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42 Cards in this Set

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Chrysography
Gold writing; contributes to ornateness; i.e. gold on robes
Polyptych
A work consisting of 4 or more panels put together
Gilding
applying thin sheets of gold to a piece of work
Gesso
glue applied as a primer on paintings
transubstantiation
The doctrine stating that the body and blood of Christ is truly contained within the bread and wine of the Eucharis
Modeling
process for creating the illusion of three-dimensional form on a two-dimensional surface
Chiaroscuro
juxtaposition of light and dark pigments to represent light and shade in illusionistic painting
monumentality
appearance of largeness or massiveness
foreshortening
Rendering a figure or object from an unusual point of view, so that its length appears compressed
difficulta
describe a feature in a painting or sculpture that involves special skills on the part of the artist; i.e. make a convincing rendering of a figure from an unusual point of view (foreshortening)
Italo-Byzantine
practiced in Italy in the 13th and 14th centuries, incorporating features derived from Byzantine models such as chrysography and stylized, elongated faces.
symbolic scale
scaling of figures in a composition according to their relative importance, rather than their actual relative size.
antithesis
type of ornamentation in which opposites are set in contrast with one another
chasing
Part of the final process of polishing and incising done on a piece of cast metal sculpture after it has been removed from its mold.
contrapposto
weight shift in stance of figure of a piece of work
atmospheric perspective
A means of creating the illusion of depth in a painting by reducing the contrast between light and dark on objects that one wishes to suggest are further away
optical modeling
modeling of an object in accordance with how it appears to sight rather than in accordance with its known characteristics. For instance, when one looks at a human face from a distance, one sees a pattern of light and dark, although one knows that the face contains a nose with nostrils, eyes with eyelashes, etc.
sfumato
a subtle transition from light to dark that creates an appearance of softness
di sotto in su
"From below, looking upwards." A method of illusionistic ceiling painting using perspective and extreme foreshortening to create a convincing illusion
centering
Wooden framework used to construct an arch, vault or dome
symbolic scale
scaling of figures in a composition according to their relative importance, rather than their actual relative size.
modularity & proportion
Terms used to describe the architecture of Filippo Brunelleschi, who used a square module as the basic unit for his church plans. Because all of the parts of the church are based on this single module, all of the parts of the church are proportionate to each other.
sacra conversatzione
A type of altarpiece in which saints from different epochs are posed around, and occupy the same illusionistic space as, the Virgin and Child
classical order
In classical architecture, the parts of a temple elevation may be in different proportional ratios to one another and be decorated with different types of ornamentation. The three major classical orders are called Doric, Ionic and Corinthian.
Vitruvius
Ancient Roman architect and architectural theorist active 46-30 BCE; his treatise De Architectura (On Architecture)
variety
viewer is provided not simply with many examples of the same thing, (e.g., 4 lambs standing all in a row; a garden filled with roses) but with many different things (e.g., 4 lambs in different poses; a field of varied plants and flowers).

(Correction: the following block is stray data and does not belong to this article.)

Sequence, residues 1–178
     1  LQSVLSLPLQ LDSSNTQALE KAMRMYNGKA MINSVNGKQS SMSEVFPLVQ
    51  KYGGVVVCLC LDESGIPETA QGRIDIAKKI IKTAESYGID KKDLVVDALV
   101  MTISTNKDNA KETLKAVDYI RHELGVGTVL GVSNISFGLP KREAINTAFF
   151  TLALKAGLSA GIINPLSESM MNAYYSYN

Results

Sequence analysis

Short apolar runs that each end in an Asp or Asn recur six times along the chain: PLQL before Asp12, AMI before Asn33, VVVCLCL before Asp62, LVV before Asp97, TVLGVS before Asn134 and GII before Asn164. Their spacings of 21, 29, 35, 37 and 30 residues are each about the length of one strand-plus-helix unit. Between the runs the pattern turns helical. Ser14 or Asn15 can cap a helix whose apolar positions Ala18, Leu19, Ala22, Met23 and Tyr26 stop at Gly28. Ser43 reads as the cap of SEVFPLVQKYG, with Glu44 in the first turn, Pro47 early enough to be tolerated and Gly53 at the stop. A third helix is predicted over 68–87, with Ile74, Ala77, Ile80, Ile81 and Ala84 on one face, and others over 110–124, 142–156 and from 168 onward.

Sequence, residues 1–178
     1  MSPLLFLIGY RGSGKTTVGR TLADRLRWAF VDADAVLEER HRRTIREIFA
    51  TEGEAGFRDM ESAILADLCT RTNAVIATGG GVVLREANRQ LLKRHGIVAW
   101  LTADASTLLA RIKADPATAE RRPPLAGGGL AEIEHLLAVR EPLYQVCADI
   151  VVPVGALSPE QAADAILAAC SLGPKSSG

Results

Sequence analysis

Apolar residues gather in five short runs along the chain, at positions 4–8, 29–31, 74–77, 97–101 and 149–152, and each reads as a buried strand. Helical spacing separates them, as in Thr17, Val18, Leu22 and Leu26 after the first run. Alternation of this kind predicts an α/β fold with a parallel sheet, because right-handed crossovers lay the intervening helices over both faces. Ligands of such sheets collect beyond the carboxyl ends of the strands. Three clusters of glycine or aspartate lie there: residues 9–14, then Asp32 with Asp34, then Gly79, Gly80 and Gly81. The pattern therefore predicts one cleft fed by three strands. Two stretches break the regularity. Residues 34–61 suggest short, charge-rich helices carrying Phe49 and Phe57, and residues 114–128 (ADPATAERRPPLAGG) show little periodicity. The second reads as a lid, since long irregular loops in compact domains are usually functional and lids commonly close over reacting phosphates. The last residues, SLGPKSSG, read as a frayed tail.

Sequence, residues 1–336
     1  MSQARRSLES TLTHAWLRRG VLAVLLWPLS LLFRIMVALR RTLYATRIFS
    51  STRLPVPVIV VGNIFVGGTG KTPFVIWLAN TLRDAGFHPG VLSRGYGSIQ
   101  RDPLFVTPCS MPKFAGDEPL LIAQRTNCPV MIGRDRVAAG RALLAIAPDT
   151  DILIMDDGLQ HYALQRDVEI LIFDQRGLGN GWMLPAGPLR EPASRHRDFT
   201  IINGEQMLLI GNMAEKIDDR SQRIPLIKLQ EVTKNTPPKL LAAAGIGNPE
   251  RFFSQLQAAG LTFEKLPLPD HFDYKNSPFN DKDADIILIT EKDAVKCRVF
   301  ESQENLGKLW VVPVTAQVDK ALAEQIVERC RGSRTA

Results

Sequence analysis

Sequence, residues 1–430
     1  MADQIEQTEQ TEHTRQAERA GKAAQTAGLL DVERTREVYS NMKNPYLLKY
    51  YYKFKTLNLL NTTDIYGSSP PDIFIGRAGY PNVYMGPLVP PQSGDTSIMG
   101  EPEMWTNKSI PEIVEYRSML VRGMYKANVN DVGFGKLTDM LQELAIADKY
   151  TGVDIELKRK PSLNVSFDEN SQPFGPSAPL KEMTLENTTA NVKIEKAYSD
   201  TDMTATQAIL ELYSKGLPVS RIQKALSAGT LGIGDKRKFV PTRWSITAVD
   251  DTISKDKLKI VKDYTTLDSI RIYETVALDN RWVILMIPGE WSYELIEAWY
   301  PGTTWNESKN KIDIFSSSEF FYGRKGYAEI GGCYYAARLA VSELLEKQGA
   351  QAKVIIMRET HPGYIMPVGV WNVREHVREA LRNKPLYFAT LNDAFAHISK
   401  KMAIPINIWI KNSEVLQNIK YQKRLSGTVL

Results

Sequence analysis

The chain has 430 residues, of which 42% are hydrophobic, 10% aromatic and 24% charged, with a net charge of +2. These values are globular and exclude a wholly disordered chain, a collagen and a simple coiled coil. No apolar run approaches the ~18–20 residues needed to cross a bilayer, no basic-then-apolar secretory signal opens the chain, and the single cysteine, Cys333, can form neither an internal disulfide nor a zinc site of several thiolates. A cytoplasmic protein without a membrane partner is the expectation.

latin cross
A type of church plan in which the nave is longer than the transept, producing three short arms and one long arm
facade
The front of a building, on which the main entrance is usually located.
pediment
A low-pitched gable, or triangular structure that sits atop the portico of a building constructed in the Greco-Roman style, often held aloft by columns supporting an entablature (triangle at top)
triumphal arch
A free-standing gateway structure erected by ancient Roman emperors after a military victory. In form, they usually consisted of a rectangular block with either one archway through its center, or three archways, the central one of which was larger than the two lateral ones.
pilaster
A shallow pier or rectangular column projecting only slightly from a wall.
colossal (or gigantic) order
Columns or pilasters that rise from their base through several stories of a building. This type of column or pilaster creates lines that continue upward without being stopped at each horizontal cornice; thus an impression of height or monumentality is created by the use of the colossal order.
barrel vault
A simple form of vault (i.e., arched ceiling) that consists of a rounded or pointed arch extended into space.
coffers
Sunken square or polygonal ornamental panels used as decoration on a ceiling or vault.
glazing
A method of painting in oils which involves the application of a transparent layer of dark paint on top of an opaque layer of light paint.
disguised symbolism
A term sometimes used in describing 15th-century Flemish paintings; it refers to naturalistically depicted, everyday objects that may also be laden with symbolic meaning.
naturalism
A style term used to describe art that presents the world in accordance with optical reality.
triptych
A painting (most often an altarpiece) consisting of three panels, usually hinged together.
combinatory fantasy
creative faculty that could take apart images stored in the memory and recombine their various parts to make new forms
hatching
in engraving, a series of parallel lines suggesting shadow
humanists
scholars who studied and wrote literature, history and ethics in classical Latin and sometimes in classical Greek
humanist art
using a style imitating or emulating that of classical antiquity